- Scribbled on September 7th, 2010 by Jordan Lund
- Filed in Apple, Casual Gaming, Mac, Microsoft Xbox 360, Mobile Gaming, Nintendo DS, Nintendo Wii, PAX, PC, Previews, Sony PlayStation 3, Sony PSP
Pinned in on the back side of the Two Worlds II booth was Battle Vs. Chess – the new game that has old time Battle Chess fans all excited.
What we knew going in was that the game was to be based on the Fritz chess engine, one of the more powerful chess engines in the world. We knew the game would offer both traditional chess modes with animated pieces and combat style chess similar in play to the old Archon games. It’s not simply enough to take a piece in the latter mode, you actually have to fight for it!
I was able to sit down with one of their developers, a guy who has been working on chess games since Chessmaster II and talked with him about the game.
It’s not only based on Fritz, it’s based on Fritz 11 which is just one release behind current. All versions of the game, from the highest end PC down to Nintendo’s systems will be using Fritz 11. The difference is the calculation time for each move. Currently, they’re trying to convince Nintendo to put a time cap on moves when the player is operating at level 5 or higher because it’s simply taking too much time for the computer to think.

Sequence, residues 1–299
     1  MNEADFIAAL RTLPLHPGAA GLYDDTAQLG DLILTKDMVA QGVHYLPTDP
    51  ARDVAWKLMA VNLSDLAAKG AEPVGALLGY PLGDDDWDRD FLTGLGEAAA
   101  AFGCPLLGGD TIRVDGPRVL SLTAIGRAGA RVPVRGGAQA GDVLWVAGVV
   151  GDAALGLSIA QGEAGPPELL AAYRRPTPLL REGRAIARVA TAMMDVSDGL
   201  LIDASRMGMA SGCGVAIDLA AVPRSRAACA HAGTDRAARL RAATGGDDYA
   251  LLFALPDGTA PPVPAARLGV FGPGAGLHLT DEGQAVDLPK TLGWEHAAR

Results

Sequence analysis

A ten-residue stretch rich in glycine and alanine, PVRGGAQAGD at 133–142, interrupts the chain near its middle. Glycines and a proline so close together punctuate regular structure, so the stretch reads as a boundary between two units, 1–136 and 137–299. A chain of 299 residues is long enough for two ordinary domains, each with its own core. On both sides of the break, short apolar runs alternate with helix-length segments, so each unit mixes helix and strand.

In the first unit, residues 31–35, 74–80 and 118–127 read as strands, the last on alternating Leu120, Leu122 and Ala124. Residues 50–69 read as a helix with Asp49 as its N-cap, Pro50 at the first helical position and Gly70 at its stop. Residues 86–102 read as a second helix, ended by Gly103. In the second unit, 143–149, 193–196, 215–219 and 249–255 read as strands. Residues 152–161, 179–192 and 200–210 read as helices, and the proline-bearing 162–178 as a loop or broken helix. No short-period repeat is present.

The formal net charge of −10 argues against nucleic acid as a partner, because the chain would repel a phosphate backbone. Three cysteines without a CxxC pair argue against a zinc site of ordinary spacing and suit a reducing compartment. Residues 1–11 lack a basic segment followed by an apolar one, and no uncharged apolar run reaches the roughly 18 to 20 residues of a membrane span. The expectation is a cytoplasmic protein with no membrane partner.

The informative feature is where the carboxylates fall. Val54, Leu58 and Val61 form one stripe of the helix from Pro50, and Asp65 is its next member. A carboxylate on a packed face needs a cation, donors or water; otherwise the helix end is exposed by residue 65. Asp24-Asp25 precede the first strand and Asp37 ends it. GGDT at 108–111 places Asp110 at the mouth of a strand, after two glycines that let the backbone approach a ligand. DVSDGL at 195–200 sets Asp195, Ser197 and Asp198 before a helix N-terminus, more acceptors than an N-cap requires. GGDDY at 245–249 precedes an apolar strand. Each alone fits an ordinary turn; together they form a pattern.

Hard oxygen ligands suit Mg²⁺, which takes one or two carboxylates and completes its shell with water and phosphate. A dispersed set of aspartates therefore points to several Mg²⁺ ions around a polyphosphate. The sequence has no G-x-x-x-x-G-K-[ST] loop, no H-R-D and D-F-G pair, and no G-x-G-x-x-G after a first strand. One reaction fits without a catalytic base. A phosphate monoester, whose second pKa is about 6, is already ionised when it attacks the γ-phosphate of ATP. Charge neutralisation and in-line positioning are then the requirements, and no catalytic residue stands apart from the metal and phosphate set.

The platforms also expanded just a bit as well, I asked about a possible iPhone/iPad version and they confirmed they are talking with Apple about an iPad release, due sometime in February, 2011.
The game features multiple chess sets and boards and many, many different modes besides the traditional chess and combat style chess. There are also training modes to show n00bs and morons how to play. There are challenge and puzzle style modes where, for example, you are required to attack as many undefended pieces in a set time limit as you can. There are modes where you will be given a set number of pieces and told to complete a checkmate in x number of moves. Should you successfully complete a challenge like that, you will be told it was from an historical match, who the players were and when it happened.
All of which adds more depth to the game of chess than you would expect. I admit, I’m strategy deficient and I’m actually excited about playing this game. The game will be a mere $20 for PC and $40 for console versions.